California Homeschooling Parents Treated as Criminals
Homeschooling parents in California could be facing criminal sanctions if the ruling on In Re Rachel L. in the Court of Appeals in California stands. The Court determined that parents who homeschool their children without a valid state teaching credential "may be subject to a criminal complaint against them. …"
The ruling reversed a superior court's decision that found that "parents have a constitutional right to school their children in their own home."
California law requires children to be enrolled in public full-time day school unless they are enrolled in private school, the child is tutored by a person holding a valid state teaching credential, or some other exemption applies.
Homeschool parents in California comply with state law by enrolling their children in private schools that offer an independent study program that can be taken at home. This practice has been recognized by the California Department of Education and has not presented a problem until now. In this case, the children were enrolled in Sunland Christian School, a private school in full compliance of state law, but the Court called it a "ruse."
This seems unconscionable when estimates are that almost 200,000 children are educated at home in California. The Court's suggestion that they should all be subject to criminal sanctions would be comical, if it weren't so serious.
Moreover, the Court seemed to bypass the Supreme Court's long history of protecting a parent's right to direct the education of their children.1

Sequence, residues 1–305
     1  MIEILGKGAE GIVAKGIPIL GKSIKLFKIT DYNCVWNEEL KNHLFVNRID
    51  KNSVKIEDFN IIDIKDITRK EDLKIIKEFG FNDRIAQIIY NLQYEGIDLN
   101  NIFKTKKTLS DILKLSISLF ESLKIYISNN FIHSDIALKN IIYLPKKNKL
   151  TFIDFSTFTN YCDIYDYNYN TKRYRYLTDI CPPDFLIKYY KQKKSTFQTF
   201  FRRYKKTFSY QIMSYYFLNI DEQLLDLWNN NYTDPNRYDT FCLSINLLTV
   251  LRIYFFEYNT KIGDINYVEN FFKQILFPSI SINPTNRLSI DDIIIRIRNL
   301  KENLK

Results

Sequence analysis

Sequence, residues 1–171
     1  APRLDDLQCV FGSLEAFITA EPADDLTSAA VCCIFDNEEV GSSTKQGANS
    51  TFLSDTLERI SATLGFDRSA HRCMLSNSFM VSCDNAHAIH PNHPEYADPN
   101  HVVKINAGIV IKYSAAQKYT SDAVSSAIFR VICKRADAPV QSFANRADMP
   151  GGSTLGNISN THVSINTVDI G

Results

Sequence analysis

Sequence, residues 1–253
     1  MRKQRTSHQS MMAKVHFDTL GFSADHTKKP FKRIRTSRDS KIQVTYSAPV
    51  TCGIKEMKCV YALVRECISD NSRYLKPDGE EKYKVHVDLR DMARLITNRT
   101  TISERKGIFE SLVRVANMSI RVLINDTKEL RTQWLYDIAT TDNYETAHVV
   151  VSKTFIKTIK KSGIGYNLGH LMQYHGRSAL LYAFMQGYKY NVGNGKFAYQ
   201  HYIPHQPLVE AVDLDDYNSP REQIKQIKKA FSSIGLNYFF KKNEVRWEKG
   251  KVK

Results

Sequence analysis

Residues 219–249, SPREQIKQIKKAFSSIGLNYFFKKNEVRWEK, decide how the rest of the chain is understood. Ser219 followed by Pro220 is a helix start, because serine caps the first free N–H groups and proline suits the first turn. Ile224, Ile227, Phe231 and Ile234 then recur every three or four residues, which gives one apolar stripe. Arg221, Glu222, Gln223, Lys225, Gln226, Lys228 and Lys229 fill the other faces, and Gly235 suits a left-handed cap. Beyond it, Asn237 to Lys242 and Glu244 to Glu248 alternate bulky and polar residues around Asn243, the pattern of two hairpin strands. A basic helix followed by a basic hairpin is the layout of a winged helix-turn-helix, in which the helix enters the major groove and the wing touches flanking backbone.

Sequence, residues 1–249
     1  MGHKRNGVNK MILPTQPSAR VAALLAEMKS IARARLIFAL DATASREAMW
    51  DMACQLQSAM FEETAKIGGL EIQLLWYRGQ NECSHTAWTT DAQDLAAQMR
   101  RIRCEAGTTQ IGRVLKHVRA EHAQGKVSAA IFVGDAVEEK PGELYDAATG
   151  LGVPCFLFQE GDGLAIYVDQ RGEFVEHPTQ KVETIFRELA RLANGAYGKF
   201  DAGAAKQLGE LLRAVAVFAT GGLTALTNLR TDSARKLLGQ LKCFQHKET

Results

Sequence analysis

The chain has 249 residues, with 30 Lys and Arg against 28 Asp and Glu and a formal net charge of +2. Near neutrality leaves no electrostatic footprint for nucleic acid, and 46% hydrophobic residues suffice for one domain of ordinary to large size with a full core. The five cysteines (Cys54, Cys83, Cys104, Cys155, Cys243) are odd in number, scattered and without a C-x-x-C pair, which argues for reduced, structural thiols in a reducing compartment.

That right, of course, does not give parents a right to abuse their children, and the sad part about this case is that parental abuse was alleged. Wherever there is abuse, children should always be protected, even from a parent. But that is a bad reflection on parenting, not on homeschooling.
Though the Court may have been trying to do the right thing for the children involved in this specific case, it should not have made such a broad ruling. On top of that, the Court asked for the opinion to be published, which means that it can be used to attack other homeschooling parents.
The Home School Legal Defense Association (HSLDA) has drafted a petition to request the "depublishing" of the decision, so that it cannot be use to harass homeschool families until the appellate process takes its course.
The decision is currently being appealed to the State Supreme Court.
- Meyer v. Nebraska, 262 U.S. 390 (1923); Wisconsin v. Yoder, 406 U.S. 205 (1972).
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